How you end your work week: Friday afternoon.

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How you end your work week will not only have a huge impact on how productive you are the following week, but also may determine how relaxed you are over the weekend.

“Successful people tend to adhere to routines in general, so it’s no surprise that the most successful people I know maintain a Friday afternoon routine,” says Michael Kerr, an international business speaker and author of “You Can’t Be Serious! Putting Humor to Work.”

Here are 10 things successful people typically do on a Friday afternoon:

1. They reflect on their accomplishments from the week.It’s far too easy to wallow over what you didn’t accomplish, Kerr says. “Successful people tend to flip that around and remind themselves of just how much progress they did make, even if it’s only ‘small wins.'” Acknowledging and appreciating your accomplishments not only boosts your happiness levels, but it fuels momentum. “A great ritual for team leaders to create is to turn this into a Friday afternoon team huddle tradition, wherein everyone shares their top three accomplishments for the week,” Kerr suggests.

2. They figure out their priorities for the following week. Successful people take time on Friday afternoon to reflect on their professional and personal lives and determine three to five major priorities they want to accomplish for each, says Laura Vanderkam, author of “What the Most Successful People Do Before Breakfast.”

3. They establish a schedule and to-do list for the following week.They don’t just prioritize; they plan, Vanderkam says. “If you assign each priority a deadline, things are likely to get done. You want to hit Monday morning knowing what you need to do, so you’re not wasting that time figuring this out.” Having a plan for Monday also results in a more relaxed weekend, she adds. “Your to-do list won’t be nagging at your brain for two days.”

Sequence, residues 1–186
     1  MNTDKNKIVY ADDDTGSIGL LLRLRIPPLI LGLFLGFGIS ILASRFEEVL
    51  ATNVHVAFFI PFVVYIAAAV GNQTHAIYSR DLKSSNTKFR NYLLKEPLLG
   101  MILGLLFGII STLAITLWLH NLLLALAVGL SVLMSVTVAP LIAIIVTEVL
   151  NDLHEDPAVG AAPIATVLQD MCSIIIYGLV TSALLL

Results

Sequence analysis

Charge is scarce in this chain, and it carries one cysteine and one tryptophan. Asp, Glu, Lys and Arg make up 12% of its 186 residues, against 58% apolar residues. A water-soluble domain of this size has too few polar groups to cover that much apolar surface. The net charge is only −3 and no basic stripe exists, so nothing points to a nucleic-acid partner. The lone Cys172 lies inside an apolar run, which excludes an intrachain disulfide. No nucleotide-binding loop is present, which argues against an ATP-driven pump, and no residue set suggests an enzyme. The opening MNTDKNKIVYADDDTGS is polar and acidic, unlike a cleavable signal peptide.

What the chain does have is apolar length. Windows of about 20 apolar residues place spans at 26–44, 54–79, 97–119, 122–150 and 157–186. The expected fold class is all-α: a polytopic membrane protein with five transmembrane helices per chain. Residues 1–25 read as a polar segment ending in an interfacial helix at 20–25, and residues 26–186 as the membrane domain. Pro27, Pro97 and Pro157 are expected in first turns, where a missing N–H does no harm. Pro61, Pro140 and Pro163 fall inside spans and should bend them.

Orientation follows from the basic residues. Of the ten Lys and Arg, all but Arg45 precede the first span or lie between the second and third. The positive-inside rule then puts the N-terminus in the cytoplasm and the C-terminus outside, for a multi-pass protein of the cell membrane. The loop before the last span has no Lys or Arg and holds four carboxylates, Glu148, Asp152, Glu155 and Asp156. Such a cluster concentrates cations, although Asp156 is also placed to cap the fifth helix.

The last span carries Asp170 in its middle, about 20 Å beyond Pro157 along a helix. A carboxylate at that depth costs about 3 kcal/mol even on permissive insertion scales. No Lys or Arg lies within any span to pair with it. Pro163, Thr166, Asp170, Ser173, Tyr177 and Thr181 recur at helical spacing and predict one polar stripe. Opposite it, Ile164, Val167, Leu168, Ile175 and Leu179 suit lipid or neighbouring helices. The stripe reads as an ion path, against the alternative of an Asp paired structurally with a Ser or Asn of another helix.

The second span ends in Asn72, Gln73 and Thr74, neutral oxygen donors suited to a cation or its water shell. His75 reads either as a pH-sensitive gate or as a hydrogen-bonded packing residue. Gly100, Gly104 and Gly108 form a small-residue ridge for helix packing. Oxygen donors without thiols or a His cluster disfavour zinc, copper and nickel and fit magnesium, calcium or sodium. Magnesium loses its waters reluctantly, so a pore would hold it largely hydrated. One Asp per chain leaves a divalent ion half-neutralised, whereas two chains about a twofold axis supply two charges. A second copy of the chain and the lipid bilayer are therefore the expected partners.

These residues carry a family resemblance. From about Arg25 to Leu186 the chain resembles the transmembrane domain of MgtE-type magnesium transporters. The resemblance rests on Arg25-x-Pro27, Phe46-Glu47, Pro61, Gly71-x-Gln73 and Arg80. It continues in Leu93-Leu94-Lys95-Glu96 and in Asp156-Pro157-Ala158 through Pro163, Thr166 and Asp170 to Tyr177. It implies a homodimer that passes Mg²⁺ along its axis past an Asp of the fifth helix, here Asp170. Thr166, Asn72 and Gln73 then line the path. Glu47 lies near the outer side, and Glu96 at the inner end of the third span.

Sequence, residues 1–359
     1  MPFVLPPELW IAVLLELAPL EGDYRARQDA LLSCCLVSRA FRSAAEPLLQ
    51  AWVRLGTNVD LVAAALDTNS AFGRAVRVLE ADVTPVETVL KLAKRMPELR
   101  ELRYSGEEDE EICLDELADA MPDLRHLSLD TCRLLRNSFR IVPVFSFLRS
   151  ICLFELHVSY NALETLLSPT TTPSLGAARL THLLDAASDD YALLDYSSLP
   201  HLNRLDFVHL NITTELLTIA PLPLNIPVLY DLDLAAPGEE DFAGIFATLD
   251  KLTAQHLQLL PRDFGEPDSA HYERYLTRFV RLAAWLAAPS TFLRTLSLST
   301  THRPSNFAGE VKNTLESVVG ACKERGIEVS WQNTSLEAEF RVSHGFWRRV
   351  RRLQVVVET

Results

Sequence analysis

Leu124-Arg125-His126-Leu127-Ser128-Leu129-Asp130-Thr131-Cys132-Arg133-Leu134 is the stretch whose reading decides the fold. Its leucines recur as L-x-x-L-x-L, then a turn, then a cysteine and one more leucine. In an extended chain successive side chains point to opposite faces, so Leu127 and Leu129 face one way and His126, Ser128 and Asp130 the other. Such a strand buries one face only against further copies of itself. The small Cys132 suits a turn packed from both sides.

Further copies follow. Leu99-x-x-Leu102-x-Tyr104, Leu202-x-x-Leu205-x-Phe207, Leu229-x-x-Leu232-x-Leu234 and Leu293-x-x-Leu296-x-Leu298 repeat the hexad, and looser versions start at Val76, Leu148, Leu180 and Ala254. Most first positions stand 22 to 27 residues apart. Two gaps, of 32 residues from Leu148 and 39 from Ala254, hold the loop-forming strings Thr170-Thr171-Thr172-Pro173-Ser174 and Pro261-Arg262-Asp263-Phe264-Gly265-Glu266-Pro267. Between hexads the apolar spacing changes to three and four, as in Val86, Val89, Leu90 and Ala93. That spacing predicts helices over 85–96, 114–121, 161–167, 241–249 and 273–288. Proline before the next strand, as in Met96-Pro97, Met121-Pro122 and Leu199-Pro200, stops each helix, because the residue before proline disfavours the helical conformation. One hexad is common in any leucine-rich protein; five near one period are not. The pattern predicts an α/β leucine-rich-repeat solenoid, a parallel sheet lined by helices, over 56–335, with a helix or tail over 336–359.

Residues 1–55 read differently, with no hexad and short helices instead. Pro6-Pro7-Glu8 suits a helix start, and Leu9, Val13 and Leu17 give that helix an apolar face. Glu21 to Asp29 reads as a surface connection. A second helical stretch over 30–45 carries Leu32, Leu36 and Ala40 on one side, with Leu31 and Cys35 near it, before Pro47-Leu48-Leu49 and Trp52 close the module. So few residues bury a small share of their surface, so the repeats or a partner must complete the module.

4. They carve out downtime for the following week. Kerr says driven, successful people can easily fall into the workaholic trap and lose sight of “the long game,” but they always prioritize and plan for downtime. “They think about how they can maintain their work-life balance the following week. They understand that for them to be at their best, to be most productive, and to accomplish everything they need to during the following week, they need to have some free time.”

5. They get organized. “Many successful people I know take 15 to 30 minutes every Friday afternoon to clean out and organize their email files and to clean and organize their office, so that they know they are returning to a fresh, organized start the following week,” Kerr says. “Some find it therapeutic, as it can help clear the psychological clutter as well, and it has become a ritualistic way of capping the end of the week.”

6. They let people know how accessible they’ll be that weekend.Successful people set technology ground rules before leaving, both with themselves and key people around them, Kerr says. They let their staff and coworkers know whether they plan to respond to emails or voice mails over the weekend, and if so, when.

7. They think about their weekend plans. Vanderkam says if you don’t already have weekend plans by Friday afternoon, you should take some time to think about what you’d like to do. Perhaps you’ve been dying to try that new restaurant; you really want to spend time with your kids at the park; or you have errands you’ve been putting off. Take a few minutes, before it’s too late, to make reservations, check the weather, find a babysitter, etc.

“You don’t have to plan every minute, but having a few things you know you’ll enjoy means you’re ready for a weekend of real rejuvenation,” she says.